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Driven: Alpina B5 Biturbo

We try to keep up with supercars in an executive saloon (albeit a very quick one indeed)

By Riggers / Thursday, November 25, 2010

This isn't really fair on a two-tonne executive saloon. We've only done a couple of laps of the hot and dusty Dubai Autodrome and already the Alpina B5 Biturbo is beginning to get a bit upset.

That's not a criticism of Alpina's latest baby, by the way; we're currently chasing a Lamborghini Gallardo LP 560-4, and there's absolutely no shame in being unable to keep up with a 200mph supercar. Especially if you're able to keep it in sight from behind the wheel of what is effectively a fast BMW 5-series.

I'm actually officially here to test Michelin's new Pilot Super Sport top-end tyre, but Bibendum's brought along an Alpina B5 as one of its test cars - so it would be rude not to grab the keys for a quick spin...

The new B5 is particularly interesting because it is the first time that BMW has allowed Alpina to use the same basic engine as the one it will drop into the nose of an M5 - the twin-turbo, 4.4-litre V8 that also serves under the bonnet of the X6M and X5M.

In Alpina form (The M5 will get a different inlet arrangement), the twin-turbo, twin-scroll motor comes out at 500bhp (you can expect the M5 to get closer to 550bhp), with 516lb ft of torque to call on. Although the 'official' fast Five will get a DCT twin-clutch set-up, the Alpina uses BMW conventional but effective 8-speed torque converter automatic.

It's an effective combination. Alpina says that the B5 will get to 62mph in 4.7secs and won't let up until 191mph. And, since we saw an easy 255kph (near-on 160mph) indicated on the longest straight before the rapidly approaching hairpin sent me diving for the brake pedal, we certainly don't disbelieve those figures.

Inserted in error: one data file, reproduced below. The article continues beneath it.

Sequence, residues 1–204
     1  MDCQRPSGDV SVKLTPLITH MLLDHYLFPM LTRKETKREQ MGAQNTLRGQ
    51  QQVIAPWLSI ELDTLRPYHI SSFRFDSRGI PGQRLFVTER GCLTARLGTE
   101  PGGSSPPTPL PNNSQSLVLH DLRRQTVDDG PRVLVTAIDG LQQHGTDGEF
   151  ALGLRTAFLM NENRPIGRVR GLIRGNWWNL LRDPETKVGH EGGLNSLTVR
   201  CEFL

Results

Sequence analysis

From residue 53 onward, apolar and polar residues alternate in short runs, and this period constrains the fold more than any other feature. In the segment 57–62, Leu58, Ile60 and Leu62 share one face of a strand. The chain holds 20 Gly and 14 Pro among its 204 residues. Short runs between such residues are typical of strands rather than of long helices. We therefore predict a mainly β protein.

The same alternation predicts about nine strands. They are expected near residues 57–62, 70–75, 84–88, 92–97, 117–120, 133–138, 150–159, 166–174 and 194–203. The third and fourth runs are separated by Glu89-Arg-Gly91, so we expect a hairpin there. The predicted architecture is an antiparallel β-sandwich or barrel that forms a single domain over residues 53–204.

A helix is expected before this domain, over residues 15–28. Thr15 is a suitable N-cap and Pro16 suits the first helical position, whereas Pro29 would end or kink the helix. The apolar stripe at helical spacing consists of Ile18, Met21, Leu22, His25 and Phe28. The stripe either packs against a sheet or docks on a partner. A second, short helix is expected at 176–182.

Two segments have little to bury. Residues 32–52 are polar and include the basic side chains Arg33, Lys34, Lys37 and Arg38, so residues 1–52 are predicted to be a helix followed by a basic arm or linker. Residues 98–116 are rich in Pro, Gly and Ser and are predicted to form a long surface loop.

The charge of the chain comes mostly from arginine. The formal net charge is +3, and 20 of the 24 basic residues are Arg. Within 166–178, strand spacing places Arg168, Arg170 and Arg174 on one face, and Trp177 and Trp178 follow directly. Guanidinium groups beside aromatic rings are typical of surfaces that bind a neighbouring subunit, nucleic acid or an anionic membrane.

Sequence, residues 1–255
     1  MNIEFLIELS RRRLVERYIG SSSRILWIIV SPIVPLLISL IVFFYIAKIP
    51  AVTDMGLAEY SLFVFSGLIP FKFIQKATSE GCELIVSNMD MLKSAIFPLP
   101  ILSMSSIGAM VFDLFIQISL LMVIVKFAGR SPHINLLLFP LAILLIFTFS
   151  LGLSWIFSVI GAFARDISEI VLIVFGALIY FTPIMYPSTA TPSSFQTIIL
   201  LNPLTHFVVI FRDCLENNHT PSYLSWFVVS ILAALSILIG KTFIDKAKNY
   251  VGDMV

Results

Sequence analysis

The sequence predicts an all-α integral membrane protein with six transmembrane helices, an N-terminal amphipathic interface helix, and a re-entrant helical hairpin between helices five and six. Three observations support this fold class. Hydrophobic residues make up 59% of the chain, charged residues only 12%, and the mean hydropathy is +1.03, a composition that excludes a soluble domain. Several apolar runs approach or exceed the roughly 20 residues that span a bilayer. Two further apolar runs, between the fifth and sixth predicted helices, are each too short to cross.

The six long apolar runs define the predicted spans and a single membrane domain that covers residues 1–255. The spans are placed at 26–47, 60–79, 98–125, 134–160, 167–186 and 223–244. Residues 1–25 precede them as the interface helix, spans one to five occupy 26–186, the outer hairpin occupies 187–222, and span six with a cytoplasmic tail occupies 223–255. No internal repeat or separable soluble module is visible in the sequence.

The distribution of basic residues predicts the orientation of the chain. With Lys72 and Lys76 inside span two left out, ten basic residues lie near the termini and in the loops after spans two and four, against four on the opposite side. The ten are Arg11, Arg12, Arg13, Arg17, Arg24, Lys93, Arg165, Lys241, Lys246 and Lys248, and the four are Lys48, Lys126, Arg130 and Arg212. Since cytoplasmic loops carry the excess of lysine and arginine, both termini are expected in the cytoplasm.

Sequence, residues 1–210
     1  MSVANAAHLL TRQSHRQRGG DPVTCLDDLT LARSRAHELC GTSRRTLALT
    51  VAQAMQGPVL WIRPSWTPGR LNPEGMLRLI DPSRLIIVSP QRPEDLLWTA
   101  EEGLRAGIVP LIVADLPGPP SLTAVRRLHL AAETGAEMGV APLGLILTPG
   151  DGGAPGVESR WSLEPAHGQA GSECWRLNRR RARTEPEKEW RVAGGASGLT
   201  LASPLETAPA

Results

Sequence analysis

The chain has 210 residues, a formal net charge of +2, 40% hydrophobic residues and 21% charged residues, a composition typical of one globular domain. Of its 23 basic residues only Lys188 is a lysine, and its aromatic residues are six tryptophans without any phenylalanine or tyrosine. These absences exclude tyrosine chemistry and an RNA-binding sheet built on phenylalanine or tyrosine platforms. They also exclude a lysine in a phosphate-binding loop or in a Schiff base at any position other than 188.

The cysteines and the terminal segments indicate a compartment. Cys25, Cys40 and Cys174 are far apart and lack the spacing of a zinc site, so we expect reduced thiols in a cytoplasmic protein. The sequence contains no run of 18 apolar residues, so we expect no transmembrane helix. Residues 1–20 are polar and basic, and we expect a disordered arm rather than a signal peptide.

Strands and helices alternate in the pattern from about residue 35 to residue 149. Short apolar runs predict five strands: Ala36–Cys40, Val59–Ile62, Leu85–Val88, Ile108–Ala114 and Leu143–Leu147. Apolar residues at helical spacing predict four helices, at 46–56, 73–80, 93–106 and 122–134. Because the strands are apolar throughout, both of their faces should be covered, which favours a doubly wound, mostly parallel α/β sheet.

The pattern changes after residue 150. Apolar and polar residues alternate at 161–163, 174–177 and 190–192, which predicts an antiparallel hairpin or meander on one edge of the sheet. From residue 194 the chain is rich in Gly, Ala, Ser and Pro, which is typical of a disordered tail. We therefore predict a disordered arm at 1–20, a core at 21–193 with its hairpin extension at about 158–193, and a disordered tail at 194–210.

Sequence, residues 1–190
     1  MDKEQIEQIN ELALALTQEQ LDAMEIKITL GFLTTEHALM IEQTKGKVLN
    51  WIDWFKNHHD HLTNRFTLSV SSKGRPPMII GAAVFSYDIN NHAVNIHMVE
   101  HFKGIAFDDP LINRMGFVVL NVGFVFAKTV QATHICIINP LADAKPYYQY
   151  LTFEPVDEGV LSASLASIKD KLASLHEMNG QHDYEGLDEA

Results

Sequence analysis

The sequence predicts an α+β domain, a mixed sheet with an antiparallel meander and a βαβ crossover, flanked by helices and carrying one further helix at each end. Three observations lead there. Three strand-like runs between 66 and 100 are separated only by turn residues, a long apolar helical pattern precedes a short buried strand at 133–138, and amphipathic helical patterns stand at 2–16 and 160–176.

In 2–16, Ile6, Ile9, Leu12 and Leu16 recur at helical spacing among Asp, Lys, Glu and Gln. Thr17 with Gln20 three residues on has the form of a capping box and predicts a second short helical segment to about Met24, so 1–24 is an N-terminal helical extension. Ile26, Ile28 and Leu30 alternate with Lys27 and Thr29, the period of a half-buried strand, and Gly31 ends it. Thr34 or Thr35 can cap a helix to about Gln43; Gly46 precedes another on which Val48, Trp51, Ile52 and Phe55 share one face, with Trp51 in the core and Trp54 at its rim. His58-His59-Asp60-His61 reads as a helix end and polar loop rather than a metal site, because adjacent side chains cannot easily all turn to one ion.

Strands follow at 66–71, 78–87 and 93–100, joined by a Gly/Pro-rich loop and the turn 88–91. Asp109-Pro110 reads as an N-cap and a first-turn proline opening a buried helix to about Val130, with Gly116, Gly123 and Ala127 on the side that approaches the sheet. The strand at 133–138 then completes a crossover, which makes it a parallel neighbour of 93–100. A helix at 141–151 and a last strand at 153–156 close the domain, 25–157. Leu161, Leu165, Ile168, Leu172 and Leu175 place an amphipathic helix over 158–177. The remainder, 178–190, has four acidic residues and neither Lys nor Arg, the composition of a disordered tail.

The eight-speed auto doesn't have the nth degree of sharpness that you'll find in a decent sequential manual DSG-type 'box, but in its sportiest setting it makes a fine fist of sure, sharp changes. Crucially, it also won't change up automatically at the red line.

For a car that can also play relaxed cruiser (indeed probably will be required to do so for the majority of the time), the engine and gearbox combination strikes an almost ideal balance; it will satisfy you for the odd blast or track excursion, but not at the expense of refinement or comfort.

For such a large car, the B5 handles enthusiastic track work rather well. For those familiar with the on-track behaviour of the new F10 5-series (though we doubt that there are that many of you), that won't actually come as much of a surprise. When we drove the 'regular' 5-series on the roads of Portugal earlier this year it left us a little cold in handling terms, but came alive when we had a chance to test it at the Estoril circuit, displaying the sort of balance and poise that you'd expect of a sporty 3-series.

The B5 manages to pull off the same trick. It turns in sharply and settles quickly into a neutral, controlled cornering attitude, while - provided you don't give the tyres too much prolonged grief - you can adjust your cornering attitude on the throttle. The brakes do a cracking job of hauling you down to sensible speeds for corners, too.

Inside, there are enough Alpina-specific touches (new leather, particularly comfy seats, a pleasantly thin-rimmed steering wheel, and distinctive plus and minus buttons rather than gearshift paddles) to mark the B5 out as a niche above a regular BMW, without falling into the trap of gaudiness that some Alpinas in the past have suffered from.

All in all, the B5 Biturbo is quite clearly a fine fast saloon. After several four-lap sessions of Dubai's 2.7-mile international circuit (I wasn't the first person to take it out), the brakes were crying foul, and the tyres eventually overheated, throwing the handling balance into understeer. But when you're trying to keep up with a Gallardo LP 560-4, that's more than understandable...

Let's put it this way: the new BMW M5 is going to have to be really good.


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